The Hayward Gallery may currently be closed until mid-October, but its rooms and corridors were alive with the sound of gunfire yesterday.
To avert widespread public panic, South Bank officials pasted up notices explaining that the noise was "part of a performance being filmed for our next exhibition, Western Security, by Gillian Wearing". What they did not reveal was that the performers consisted of 25 cowboy enthusiasts from south London, all dressed up in authentic Wild West gear, bristling with bullet belts and replica Colt 45s, and enjoying the shoot-out of their lives.
Inside, unfazed by her proximity to the likes of Buffalo Bill and Pat Garrett, the 32-year-old artist checked the 10 video cameras she had installedaround the gallery. She was following a tight schedule: the assembled pseudo-security camera footage has to be edited into a half- hour piece by Friday. It will then be shown for a month in a dawn-to- dusk loop in the Hayward foyer.
The first shoot lasted half-an-hour. Men and women rushed around, miming spectacular deaths to deafening rounds of fire ("Cowboys don't wear earplugs," a man called Waco explained). More than a hundred rounds of blanks and thousands of whoops and hollers later, the floors were strewn with corpses and covered in bubble-wrap by four men dressed as South Bank security guards. The gallery clearly hopes that this, the first in a new venture entitled "Turnaround", in which contemporary artists are invited to use the building between exhibitions as "a blank canvas", will remind passers- by of its existence. But what about Wearing, who met the cowboys while she was working on her award-winning series of photographs in which ordinary people held up hand-written messages on pieces of paper?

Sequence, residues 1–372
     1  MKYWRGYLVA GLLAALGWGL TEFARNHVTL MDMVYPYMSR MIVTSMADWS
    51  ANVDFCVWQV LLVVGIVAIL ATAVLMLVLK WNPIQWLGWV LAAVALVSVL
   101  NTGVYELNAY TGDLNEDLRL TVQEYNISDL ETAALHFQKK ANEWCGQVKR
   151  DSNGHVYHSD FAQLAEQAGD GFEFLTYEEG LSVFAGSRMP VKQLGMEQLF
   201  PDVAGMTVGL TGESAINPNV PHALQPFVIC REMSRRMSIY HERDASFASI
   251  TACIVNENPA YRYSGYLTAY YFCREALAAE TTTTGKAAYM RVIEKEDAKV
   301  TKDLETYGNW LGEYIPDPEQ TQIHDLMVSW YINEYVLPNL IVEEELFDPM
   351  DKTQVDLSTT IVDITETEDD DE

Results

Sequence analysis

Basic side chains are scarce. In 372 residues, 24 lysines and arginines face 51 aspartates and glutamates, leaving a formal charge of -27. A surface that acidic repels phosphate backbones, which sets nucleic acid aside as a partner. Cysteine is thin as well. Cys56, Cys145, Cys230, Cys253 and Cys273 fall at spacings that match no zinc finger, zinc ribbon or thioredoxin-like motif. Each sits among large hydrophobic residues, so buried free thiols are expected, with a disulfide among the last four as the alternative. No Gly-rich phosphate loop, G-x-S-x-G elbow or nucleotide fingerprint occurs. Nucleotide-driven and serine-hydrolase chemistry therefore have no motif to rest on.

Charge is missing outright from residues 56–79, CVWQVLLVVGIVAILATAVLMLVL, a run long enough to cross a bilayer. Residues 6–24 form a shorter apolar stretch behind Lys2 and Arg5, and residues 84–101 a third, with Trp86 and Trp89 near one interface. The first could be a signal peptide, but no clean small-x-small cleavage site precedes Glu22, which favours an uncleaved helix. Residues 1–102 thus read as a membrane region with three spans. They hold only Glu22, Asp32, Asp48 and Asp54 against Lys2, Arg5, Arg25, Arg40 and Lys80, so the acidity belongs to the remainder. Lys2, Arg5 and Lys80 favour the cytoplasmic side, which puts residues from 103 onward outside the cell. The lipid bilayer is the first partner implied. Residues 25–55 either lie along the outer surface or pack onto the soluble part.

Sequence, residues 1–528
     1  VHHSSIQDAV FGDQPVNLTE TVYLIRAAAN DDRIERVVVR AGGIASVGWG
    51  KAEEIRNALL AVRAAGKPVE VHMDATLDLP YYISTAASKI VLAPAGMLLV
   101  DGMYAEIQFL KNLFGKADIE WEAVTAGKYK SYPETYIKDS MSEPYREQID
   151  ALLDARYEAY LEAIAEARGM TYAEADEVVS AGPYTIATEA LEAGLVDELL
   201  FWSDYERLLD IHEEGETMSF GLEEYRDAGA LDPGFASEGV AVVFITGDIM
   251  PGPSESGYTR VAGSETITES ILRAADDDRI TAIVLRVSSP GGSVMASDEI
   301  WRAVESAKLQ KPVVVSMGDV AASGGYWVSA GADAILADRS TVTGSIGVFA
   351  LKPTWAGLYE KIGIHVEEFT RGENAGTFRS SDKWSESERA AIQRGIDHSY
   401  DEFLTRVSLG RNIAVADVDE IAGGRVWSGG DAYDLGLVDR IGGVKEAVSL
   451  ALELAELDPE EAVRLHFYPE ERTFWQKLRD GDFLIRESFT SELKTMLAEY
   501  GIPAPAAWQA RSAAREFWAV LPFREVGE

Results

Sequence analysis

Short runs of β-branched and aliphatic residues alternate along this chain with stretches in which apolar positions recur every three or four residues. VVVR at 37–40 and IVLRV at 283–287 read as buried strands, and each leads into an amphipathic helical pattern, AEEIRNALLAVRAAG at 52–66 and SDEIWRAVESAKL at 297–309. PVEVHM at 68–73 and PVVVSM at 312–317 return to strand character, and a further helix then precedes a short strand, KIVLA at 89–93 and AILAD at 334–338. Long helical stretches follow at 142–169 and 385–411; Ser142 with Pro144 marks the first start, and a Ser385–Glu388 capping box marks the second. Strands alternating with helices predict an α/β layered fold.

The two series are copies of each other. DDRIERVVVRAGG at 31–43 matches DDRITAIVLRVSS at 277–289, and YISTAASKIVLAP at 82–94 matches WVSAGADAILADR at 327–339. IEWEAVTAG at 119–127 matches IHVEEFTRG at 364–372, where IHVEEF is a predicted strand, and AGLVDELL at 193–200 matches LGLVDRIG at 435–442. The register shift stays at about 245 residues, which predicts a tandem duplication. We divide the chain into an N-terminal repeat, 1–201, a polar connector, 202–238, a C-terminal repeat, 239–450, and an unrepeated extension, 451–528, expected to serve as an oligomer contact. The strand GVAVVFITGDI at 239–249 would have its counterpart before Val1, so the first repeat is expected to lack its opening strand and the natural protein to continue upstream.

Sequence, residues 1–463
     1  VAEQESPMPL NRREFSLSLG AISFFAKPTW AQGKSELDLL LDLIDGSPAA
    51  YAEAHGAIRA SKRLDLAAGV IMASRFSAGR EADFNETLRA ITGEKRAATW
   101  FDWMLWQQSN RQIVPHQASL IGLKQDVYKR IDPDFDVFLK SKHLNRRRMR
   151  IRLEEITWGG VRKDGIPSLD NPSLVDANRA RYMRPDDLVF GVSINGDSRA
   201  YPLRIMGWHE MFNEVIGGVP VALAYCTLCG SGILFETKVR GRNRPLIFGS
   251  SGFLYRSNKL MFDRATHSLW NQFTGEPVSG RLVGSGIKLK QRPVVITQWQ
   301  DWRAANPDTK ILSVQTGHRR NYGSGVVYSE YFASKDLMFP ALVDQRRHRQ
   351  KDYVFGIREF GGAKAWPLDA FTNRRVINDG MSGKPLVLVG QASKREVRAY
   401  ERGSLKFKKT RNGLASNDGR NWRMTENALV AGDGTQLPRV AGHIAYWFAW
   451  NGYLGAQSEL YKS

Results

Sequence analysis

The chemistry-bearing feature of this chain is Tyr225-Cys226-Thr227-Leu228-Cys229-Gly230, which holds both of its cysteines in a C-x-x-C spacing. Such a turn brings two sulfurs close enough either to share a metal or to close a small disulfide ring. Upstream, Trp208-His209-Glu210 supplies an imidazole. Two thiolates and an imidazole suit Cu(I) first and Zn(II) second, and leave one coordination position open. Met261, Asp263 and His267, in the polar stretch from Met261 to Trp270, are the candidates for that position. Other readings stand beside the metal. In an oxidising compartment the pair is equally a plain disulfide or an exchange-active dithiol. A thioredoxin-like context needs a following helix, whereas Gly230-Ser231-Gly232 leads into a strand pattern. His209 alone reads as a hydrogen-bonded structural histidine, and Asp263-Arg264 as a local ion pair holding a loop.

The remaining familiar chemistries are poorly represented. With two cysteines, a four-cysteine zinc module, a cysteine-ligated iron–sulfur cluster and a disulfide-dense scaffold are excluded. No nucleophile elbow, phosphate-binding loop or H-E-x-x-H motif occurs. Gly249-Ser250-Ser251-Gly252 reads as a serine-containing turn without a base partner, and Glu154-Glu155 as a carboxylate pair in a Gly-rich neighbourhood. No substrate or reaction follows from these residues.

"I wanted to do something anarchic in this amazing labyrinth where we are normally so well-behaved," she explained. "It's like school's out, really. It's looking a bit at machismo, the growing interest in country and western, and the increasing use of surveillance cameras - lots of things. The South Bank is the perfect setting - it's like a wilderness."
She dismissed suggestions that dressing up as cowboys was infantile. "The cowboys are quite aware that they're acting like kids - there's a lot of self-parody involved."
Dennis Warne, a truck driver by day, was concerned that the public would not be able to smell the shoot-out. "This isn't Hollywood," he explained. "I don't wash because they wouldn't have washed - if you're going to be a cowboy you've got to smell like one." Buffalo Bill, who wears his outfit to work, said: "It went fine, but I think there should be a cowboy on display here permanently."Reuse content